Neighborhood design standards draws large crowd in Prairie Village
The Prairie Village City Council on Monday approved new regulations aimed at the development of large homes within the city.
Councilmembers voted 11-2 to adopt a slate of neighborhood design standards, which include rules on tree planting, garage sizes and notifying neighbors.
City officials proposed the guidelines to address the rapid increase in recent years of owners tearing down the mid-century ranch and Cape Cod houses that have defined Prairie Village and replacing them with much larger homes. In some cases, residents have complained that the new, larger buildings overshadow their neighbors, cause drainage problems and are out of character with the rest of the neighborhood.
The council in 2016 implemented a group of regulations for property zoned R-1A and R-1B that limited building heights and restricted how close new homes could be built to side property lines.
The new regulations, which go into effect Feb. 1, are more specific, addressing both building designs and the look of front yards. They will apply to home rebuilds and home expansions of more than 200 square feet.
Any home that receives a building permit before Feb. 1 would be exempt from the new rules, said City Administrator Wes Jordan.
▪ Prohibit buildings, sidewalks, driveways and other impervious surfaces from covering more than 40 percent of a rebuilt or expanded home’s entire lot and requiring that at least 60 percent of the lot’s front yard must be planted with vegetation. There are exceptions for smaller lots or narrow lots on busy streets.
▪ Require all lots to have one tree planted near the street if there are none now, with large lots having one planted every 50 feet.
▪ Ask designers to use windows to break up large building walls, also called “massing.”
▪ Set minimums for the amount of space taken up by windows and doors on the front, sides and rear of homes.
▪ Create limits on the locations and sizes of garages as well as the size of garage doors.
▪ Tweak the height rules for rebuilt home foundations.
▪ Mandate that builders alert surrounding property owners of new rebuilds.
More than a half-dozen residents and building professionals addressed the council on the proposed rules.
Resident Teri Powell told the council she supported the new regulations, calling many of the new houses “grotesque.”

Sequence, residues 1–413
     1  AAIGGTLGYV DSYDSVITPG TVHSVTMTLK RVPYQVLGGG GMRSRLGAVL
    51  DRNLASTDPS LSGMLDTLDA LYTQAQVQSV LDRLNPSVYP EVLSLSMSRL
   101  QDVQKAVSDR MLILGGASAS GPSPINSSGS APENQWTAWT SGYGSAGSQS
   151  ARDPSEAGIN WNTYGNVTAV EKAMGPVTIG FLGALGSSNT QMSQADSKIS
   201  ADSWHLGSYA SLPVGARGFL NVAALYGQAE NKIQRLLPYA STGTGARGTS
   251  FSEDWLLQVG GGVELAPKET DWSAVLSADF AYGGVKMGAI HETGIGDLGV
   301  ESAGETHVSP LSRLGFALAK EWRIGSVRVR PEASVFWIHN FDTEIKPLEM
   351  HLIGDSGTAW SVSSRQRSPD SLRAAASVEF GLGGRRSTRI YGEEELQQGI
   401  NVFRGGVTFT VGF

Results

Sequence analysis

“I don’t even know why somebody would want to spend $500,000-$700,000 to move into a house that is surrounded by much smaller houses,” Powell said. “I would think we should do everything we can possibly do to keep the cohesiveness of our city.”
On the other hand, John Matthews said encouraging more development helps everyone in the city.
“The pool of people who want to live in cramped, small Prairie Village houses with one-car garages is dwindling, and if we push development out of Prairie Village we all suffer,” Matthews said.
Councilmembers Serena Schermoly and Ted Odell, the two “no” votes, echoed those concerns, warning that the guidelines were too restrictive and could curtail not only new construction but also renovations of existing homes.
Schermoly tried unsuccessfully to amend the regulations to exempt existing homeowners from having to comply with the new guidelines affecting impervious surfaces and massing. She said many of the residents she spoke with thought the guidelines would apply only to teardowns and rebuilds.
“We are making a one-size-fits-all answer for a substantial variety of properties,” she said. “As I look at our city today, most homes don’t comply with what we are describing as the charm of Prairie Village.”
But the majority of the council disagreed. Mayor Laura Wassmer and councilmembers Chad Herring, Jori Nelson, Ron Nelson, Tucker Poling, Andrew Wang, Sheila Myers, Brooke Morehead, Dan Runion, Courtney McFadden and Terrence Gallagher voted for the regulations.
“We could be working on them for another two years and they’ll never be perfect,” Wassmer said. “But we have to start somewhere. If we get into it and realize that it’s creating all kinds of unexpected and unintended consequences, then we can look at it again. But at some point, we have to say enough is enough, this is what we’re going to try and see how it works.”